Struggle for Justice tells the story of an African-American family of sharecroppers in rural Mississippi, stifled by the culture of keeping them “in their place.” It is told through the medium of wayang puppetry in which colorful, transparent puppets whose limbs are articulated by the puppeteer are illuminated from behind onto a white scrim.
The family at the center of Struggle for Justice and the handful of people they encounter each represent an attitude or set of beliefs from the time period. The parents work hard and scrape, hoping to buy their land from their planter and provide opportunity for their son. An older neighbor preaches the gospel of keeping your head down and your mouth shut. The racist townspeople fear any hint of a challenge to the overriding cultural law of segregation.
After lingering on an episode in which an out of town cousin stirs up the anger of local whites, the show begins to fast forward through key passages in the son’s life, including World War II and the early lunch counter sit-in protests.
A suitable old Mississippi blues slide guitar soundtrack plays through the show. The puppets and settings are beautifully rendered, and it’s interesting to see the Indonesian style of art applied to familiar Southern characters, but unfortunately these are stereotypes with very little dimension. The simple story would play well to school age audiences who are just being introduced to this portion of history, but anyone with even a simple knowledge of Mississippi’s Jim Crow past will be left nonplussed.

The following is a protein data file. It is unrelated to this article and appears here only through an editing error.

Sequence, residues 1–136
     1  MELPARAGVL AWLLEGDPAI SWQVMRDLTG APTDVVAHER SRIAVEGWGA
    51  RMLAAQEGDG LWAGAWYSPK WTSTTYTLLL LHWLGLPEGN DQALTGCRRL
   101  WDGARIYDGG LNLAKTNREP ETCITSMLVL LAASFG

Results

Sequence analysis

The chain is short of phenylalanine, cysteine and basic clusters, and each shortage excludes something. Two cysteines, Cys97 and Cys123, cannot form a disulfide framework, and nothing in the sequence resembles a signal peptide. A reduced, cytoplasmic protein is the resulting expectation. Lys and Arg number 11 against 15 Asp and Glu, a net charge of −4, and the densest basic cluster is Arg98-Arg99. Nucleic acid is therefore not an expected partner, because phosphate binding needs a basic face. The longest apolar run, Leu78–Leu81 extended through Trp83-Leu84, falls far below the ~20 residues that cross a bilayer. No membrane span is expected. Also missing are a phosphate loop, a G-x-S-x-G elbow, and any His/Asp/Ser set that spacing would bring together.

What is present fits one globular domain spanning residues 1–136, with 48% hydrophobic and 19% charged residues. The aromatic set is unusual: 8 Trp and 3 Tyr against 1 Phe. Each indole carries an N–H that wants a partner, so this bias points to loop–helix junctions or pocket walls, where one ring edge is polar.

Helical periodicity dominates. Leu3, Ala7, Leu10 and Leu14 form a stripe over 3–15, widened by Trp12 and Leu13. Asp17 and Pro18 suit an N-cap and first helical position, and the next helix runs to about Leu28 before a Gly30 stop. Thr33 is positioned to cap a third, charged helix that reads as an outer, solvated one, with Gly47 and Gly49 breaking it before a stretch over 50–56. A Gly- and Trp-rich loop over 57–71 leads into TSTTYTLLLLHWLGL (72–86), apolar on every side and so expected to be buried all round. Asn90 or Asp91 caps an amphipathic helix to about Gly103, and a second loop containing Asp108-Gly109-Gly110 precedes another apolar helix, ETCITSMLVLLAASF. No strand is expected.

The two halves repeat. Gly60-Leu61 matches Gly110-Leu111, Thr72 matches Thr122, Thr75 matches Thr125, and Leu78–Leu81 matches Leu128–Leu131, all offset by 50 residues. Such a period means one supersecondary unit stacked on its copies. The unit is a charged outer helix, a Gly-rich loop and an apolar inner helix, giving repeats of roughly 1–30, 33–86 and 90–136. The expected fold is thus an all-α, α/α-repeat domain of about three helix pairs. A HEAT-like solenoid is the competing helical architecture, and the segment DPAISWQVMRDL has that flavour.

Seeing the simple story translated into this interesting medium might be of interest to some, but the pre-recorded dialogue is the real impediment to getting lost in the performance. The voice actors are novices at best, the timing is unsteady, and inexplicably some flubbed lines are retained in the final recording. The puppets themselves end up being the most articulate elements of this show.
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